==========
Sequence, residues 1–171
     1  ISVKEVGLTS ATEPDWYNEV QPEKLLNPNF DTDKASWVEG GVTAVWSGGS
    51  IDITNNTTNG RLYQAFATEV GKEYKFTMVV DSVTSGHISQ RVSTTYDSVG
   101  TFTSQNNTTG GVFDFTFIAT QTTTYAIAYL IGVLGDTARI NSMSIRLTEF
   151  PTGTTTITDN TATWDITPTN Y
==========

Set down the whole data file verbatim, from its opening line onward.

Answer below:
Sequence, residues 1–171
     1  ISVKEVGLTS ATEPDWYNEV QPEKLLNPNF DTDKASWVEG GVTAVWSGGS
    51  IDITNNTTNG RLYQAFATEV GKEYKFTMVV DSVTSGHISQ RVSTTYDSVG
   101  TFTSQNNTTG GVFDFTFIAT QTTTYAIAYL IGVLGDTARI NSMSIRLTEF
   151  PTGTTTITDN TATWDITPTN Y